The African Union (AU) which succeeded the OAU in 2002 is a key international relations institution due to its interlocutory role between Africa and the rest of the world. Therefore, the AU should spearhead the campaign for inclusion of more female leaders within the AU system and its Regional Economic Communities (RECs). Supporting recruitment data and indication of the types of posts women hold in African states is important information which should be incorporated into the AU’s strategy on Gender Equality and Women’s Empowerment (GEWE) 2018-2028. The plan already calls for participation of women in political affairs to amplify their voices and integrate gendered perspectives (AU, 2019: 12). However, commitment towards this goal remains low. The Covid-19 global pandemic presented the world with the opportunity to include women in critical decision making fora. However, the majority of national committees established to respond to the crisis do not have equal female representation. For example, 74% of 30 countries survey by Care International (2020: 3) had “fewer than one-third female membership. On average women made up 24% of these committees.”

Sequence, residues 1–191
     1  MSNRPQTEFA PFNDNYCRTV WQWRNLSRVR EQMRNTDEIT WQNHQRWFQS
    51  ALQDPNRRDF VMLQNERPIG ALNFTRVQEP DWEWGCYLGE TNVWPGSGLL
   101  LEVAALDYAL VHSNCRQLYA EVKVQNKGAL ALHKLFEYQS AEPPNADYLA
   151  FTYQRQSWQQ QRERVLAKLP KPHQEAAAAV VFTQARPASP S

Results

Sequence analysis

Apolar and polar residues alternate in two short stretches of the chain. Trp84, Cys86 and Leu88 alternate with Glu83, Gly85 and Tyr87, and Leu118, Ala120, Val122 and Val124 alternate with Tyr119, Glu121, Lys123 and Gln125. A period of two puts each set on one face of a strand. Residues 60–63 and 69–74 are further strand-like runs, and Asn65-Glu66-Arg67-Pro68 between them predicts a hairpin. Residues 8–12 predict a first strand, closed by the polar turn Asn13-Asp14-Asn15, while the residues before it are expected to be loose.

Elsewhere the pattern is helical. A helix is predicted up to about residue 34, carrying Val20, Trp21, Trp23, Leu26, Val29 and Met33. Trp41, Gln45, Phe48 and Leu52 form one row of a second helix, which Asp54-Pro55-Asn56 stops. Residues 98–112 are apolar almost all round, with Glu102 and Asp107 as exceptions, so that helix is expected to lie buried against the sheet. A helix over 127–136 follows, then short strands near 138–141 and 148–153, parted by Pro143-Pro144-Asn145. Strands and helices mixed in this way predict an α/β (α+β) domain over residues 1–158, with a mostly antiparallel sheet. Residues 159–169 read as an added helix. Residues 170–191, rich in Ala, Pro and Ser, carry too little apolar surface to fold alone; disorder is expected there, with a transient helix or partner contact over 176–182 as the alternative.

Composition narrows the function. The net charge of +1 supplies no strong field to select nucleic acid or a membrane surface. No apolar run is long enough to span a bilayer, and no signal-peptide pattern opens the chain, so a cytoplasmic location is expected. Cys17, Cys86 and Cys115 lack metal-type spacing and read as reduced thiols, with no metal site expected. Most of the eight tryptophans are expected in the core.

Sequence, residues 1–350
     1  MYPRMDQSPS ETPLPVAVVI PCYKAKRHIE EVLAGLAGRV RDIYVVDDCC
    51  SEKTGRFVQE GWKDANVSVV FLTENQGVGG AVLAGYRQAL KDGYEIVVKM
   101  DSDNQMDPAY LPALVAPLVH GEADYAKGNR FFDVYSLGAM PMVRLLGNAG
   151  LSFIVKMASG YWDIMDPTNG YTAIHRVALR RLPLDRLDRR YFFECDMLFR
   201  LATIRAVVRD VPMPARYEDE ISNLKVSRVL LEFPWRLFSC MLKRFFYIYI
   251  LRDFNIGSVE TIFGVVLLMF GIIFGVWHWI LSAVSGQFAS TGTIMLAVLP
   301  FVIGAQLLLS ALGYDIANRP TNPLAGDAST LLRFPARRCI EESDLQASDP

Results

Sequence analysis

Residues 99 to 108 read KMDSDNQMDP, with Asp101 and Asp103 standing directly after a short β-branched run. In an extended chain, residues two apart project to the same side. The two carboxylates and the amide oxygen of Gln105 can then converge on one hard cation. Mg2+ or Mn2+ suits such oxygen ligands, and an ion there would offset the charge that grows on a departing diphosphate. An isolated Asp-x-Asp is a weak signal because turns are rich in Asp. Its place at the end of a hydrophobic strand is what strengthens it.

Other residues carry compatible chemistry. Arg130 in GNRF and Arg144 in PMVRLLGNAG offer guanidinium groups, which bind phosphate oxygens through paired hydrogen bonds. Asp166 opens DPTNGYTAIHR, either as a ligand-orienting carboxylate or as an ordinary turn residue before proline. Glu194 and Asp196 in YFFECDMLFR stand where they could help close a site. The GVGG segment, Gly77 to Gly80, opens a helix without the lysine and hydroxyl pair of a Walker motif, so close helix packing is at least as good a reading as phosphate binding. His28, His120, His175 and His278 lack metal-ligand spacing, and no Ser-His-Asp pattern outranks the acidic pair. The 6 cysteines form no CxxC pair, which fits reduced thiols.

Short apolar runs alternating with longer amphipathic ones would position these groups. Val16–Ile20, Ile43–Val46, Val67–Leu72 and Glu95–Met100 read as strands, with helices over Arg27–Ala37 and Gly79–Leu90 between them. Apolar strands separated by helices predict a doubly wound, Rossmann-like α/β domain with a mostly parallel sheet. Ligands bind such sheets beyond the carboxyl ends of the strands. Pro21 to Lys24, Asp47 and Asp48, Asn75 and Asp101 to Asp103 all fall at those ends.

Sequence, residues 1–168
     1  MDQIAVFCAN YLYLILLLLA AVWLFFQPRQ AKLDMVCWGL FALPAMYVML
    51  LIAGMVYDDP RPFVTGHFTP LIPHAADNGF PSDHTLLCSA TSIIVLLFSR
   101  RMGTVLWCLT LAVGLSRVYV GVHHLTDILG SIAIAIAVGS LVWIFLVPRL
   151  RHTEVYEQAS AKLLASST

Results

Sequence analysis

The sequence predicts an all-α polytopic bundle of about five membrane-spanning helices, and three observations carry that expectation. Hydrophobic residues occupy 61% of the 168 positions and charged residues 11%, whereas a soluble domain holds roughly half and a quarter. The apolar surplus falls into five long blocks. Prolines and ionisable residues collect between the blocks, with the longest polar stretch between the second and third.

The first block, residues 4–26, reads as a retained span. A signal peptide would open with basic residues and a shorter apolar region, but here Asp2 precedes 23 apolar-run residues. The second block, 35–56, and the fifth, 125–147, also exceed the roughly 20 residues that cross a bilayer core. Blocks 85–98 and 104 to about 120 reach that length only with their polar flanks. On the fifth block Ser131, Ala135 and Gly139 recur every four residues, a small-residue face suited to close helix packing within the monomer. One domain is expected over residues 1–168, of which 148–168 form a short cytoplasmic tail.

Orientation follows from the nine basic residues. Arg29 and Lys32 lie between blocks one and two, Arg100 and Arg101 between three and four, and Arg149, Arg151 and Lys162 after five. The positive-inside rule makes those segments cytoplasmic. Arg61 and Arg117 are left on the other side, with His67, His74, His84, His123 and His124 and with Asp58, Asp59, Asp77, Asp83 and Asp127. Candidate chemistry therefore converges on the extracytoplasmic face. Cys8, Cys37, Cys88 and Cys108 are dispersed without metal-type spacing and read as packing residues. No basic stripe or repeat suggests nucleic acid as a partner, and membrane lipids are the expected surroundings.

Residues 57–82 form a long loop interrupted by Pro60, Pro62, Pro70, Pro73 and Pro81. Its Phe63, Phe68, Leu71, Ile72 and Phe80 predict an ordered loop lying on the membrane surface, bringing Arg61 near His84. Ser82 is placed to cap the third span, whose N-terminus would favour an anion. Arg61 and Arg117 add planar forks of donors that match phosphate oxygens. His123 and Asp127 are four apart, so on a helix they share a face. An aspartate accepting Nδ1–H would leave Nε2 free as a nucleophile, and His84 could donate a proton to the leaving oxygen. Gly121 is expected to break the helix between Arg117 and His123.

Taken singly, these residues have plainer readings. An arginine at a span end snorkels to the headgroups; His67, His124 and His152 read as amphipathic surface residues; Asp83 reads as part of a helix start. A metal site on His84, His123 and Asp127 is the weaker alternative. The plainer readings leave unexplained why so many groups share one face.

Diplomatic appointments are usually made by heads of state and are often based on perceptions on one’s allegiance to the leader(s) in question. If the appointing head of state is not reform-oriented he is unlikely to choose female diplomats who are pro-transformation. Politics in post-colonial Africa exists within contexts of hypermasculinity whereby male leaders are considered to be more superior by virtue of their gender identities. This is linked to the supposition that traditional male authorities and elected male leaders are hegemonic masculinities at the top of the socio-political ladder within the contexts they inhabit (Morrell, Jewkes and Lindegger, 2012). The respect awarded to them and social perceptions of their capacity to lead often undermine the acceptance of, and trust in female leadership since women were historically associated with managing resources within the domestic sphere while men served in the public sphere. The transition from colonialism to contemporary African states did not automatically improve the status of African women who mostly remain(ed) relegated to traditional sociocultural gender roles that excluded them from heading political and economic institutions. Therefore, access to political power, more so, foreign policy decision making power remained limited. African patriarchal values continue to relegate African women to the domestic arena whilst males are perceived to be natural players in the game of politics (Tamale, 1999). Therefore, when women enter into political spaces they face challenges relating to the gender orientation of state institutions. One interview participant noted that she had to choose between being a present mother to her sons who were now under the care of their grandmother and being a good diplomat, whose whole time is at the disposal of the state, as required by the civil service. Therefore, sociocultural standards and expectations can deter women from playing diplomatic roles due to the incompatible demands of work and gender identity. Increased participation of women in political spaces can lead to gender-sensitive reforms as a response to a significant number of participants in these spaces.